On Twitter, Mr. Trump called it “foolish” to remove statues of Robert E. Lee and Stonewall Jackson and mused that monuments to George Washington and Thomas Jefferson would be next. “Sad to see the history and culture of our great country being ripped apart with the removal of our beautiful statues and monuments,” the president wrote.

Actually, he may not really care, but that would piss people off, but that makes things lonelier on Trump Island:

There was new evidence on Thursday that the political crisis created by the president’s Charlottesville remarks was having an effect on Mr. Trump’s business. The Cleveland Clinic announced it was pulling out of a 2018 fund-raiser at his Mar-a-Lago club in Palm Beach, Fla., and the head of the Palm Beach Chamber of Commerce urged businesses not to host events there.

The American Cancer Society, which had planned to hold its 2018 gala at Mar-a-Lago, announced it, too, would change the venue, citing its “values and commitment to diversity.”

“It has become increasingly clear that the challenge to those values is outweighing other business considerations,” the group said in a statement…

And Carmen de Lavallade, a dancer and choreographer who will be honored by the Kennedy Center in December, announced on Thursday that she will forgo the related reception at the White House.

“In light of the socially divisive and morally caustic narrative that our current leadership is choosing to engage in, and in keeping with the principles that I and so many others have fought for, I will be declining the invitation to attend the reception at the White House,” Ms. de Lavallade, 86, said in a statement.

Maybe no one will show up.

What is going on here? Jane Coaston says Trump is Sarah Palin but better at it:

Nine years ago this month, Sen. John McCain (R-Ariz.) picked Sarah Palin as his running mate for his presidential campaign. Conservatives immediately fell for the popular Alaska governor, proclaiming her the new star of the right for years to come. Less than a decade later, Palin is a political nonentity. She largely keeps her thoughts to paid speeches, the occasional interview and Facebook, where she shares links to conservative clickbait farms.

And yet Palin remains critical: to a faction of the Republican Party, and to understanding the emergence of Donald Trump and Trumpism – the ideology created by the president’s most ardent supporters, though not necessarily by the president himself.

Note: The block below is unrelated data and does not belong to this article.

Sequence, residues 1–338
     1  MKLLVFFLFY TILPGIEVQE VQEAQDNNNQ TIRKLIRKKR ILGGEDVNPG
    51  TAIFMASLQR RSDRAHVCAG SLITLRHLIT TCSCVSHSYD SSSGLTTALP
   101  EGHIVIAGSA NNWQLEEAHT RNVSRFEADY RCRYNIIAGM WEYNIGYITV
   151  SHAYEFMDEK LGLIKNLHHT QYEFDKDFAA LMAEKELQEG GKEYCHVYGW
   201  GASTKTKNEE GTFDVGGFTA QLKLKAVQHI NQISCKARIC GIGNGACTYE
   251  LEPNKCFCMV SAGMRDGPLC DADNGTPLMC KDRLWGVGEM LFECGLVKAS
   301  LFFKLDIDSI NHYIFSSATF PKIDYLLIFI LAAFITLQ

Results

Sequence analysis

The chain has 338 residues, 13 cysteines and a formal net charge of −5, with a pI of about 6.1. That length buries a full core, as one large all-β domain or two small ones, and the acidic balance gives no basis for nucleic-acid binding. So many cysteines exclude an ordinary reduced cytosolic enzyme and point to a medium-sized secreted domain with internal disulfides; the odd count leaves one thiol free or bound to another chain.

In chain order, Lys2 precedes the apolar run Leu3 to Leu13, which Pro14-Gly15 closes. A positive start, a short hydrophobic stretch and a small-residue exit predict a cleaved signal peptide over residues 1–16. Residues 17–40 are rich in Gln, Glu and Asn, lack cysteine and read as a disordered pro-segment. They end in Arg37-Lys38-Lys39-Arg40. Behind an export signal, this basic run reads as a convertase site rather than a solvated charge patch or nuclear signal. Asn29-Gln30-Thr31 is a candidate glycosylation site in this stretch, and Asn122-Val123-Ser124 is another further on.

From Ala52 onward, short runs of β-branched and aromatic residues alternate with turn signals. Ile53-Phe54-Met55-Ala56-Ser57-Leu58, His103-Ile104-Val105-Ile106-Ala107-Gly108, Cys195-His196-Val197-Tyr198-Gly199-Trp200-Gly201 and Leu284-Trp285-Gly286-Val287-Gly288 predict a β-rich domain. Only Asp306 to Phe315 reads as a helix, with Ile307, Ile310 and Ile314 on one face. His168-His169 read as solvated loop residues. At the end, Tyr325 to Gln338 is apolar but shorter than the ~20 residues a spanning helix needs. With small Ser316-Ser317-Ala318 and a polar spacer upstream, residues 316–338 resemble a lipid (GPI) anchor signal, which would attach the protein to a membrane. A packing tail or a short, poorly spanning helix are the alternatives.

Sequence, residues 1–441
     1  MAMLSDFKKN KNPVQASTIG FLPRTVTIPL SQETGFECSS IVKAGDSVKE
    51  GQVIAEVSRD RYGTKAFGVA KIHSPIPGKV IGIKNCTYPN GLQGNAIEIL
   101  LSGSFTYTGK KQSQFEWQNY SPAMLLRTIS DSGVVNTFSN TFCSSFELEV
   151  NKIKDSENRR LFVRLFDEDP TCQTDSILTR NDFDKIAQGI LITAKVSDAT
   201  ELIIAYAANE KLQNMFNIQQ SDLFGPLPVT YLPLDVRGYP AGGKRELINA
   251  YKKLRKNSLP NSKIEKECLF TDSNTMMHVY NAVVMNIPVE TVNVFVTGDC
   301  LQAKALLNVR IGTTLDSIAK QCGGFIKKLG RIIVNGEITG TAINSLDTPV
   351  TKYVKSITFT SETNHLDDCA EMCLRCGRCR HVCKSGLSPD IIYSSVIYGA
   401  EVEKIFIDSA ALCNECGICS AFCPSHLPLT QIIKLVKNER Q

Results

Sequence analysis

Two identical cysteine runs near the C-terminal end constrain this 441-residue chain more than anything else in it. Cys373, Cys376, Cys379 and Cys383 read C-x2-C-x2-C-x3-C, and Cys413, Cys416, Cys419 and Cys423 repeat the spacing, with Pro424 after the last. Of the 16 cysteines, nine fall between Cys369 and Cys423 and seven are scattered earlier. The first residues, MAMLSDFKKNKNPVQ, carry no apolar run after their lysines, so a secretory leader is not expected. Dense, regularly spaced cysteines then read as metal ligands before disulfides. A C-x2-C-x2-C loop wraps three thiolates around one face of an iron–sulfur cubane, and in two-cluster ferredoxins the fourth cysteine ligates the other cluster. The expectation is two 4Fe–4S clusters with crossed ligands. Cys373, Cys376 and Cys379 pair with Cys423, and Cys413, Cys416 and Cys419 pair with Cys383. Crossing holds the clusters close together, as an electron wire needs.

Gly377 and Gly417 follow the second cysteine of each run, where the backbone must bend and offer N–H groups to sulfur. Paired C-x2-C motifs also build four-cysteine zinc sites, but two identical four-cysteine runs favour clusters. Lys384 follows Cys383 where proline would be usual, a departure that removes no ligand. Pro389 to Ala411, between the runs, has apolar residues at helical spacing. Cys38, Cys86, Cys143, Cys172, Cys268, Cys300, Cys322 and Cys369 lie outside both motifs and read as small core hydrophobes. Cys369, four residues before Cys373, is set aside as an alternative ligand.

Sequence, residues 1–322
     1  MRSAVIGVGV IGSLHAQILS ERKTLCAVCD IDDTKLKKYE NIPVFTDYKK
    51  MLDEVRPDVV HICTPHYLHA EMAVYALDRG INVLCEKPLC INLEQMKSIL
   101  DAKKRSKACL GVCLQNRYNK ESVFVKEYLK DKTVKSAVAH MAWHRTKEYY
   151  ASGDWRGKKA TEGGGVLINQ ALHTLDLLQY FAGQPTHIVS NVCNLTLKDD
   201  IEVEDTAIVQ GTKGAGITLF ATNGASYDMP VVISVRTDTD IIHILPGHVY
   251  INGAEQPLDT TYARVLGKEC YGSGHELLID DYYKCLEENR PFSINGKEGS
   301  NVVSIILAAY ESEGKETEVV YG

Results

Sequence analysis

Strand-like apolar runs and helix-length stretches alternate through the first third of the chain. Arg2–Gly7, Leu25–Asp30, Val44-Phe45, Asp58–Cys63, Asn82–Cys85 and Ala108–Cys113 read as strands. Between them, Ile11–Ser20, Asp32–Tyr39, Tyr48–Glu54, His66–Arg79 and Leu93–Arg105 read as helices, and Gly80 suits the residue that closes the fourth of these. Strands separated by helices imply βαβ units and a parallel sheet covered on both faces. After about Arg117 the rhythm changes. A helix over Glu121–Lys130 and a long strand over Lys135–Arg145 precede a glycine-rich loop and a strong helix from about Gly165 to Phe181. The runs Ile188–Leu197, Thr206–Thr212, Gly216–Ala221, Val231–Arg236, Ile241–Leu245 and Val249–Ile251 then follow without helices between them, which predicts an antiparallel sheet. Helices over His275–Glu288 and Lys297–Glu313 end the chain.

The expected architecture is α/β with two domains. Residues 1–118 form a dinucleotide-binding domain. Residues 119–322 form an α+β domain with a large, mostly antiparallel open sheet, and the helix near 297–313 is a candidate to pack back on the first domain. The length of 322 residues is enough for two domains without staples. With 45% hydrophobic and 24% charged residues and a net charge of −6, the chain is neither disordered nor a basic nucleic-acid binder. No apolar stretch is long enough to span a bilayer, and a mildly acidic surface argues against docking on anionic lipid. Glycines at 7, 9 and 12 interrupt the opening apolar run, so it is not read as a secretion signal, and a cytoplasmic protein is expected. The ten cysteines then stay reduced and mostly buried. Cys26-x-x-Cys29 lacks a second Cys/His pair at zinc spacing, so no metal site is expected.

That was the trick:

Palin’s popularity with the GOP and the American right as a whole wasn’t based on her speeches or her conservative bona fides, her gubernatorial history or her political beliefs, but on what she could be made to mean. In his run for president, Trump was much the same. Now even as Trump’s base of support shrinks, those who remain, the truest of true believers, will never renounce him.

In short, never underestimate the power of a blank slate:

From the moment Palin entered the national scene, the praise for her on the right was heavily tied to her image. After the 2008 vice-presidential debate, National Review editor Rich Lowry described her as “so sparkling it was almost mesmerizing, [sending] little starbursts through the screen and ricocheting around the living rooms of America.” In one of the earliest conservative critiques of Palin, written in September 2008, Post columnist Kathleen Parker said of her initial interest in Palin: “She was the antithesis and nemesis of the hirsute, Birkenstock-wearing sisterhood – a refreshing feminist of a different order who personified the modern successful working mother.” Nowhere in the piece were Palin’s conservative viewpoints referenced; her views on, say, health care or school choice, or even abortion, went unmentioned. Palin’s problem, in Parker’s view, wasn’t her beliefs but her tendency to ramble. What mattered about the governor was what she could reflect back to a hungry Republican base: an “attractive, earnest [and] confident” woman in a position of power.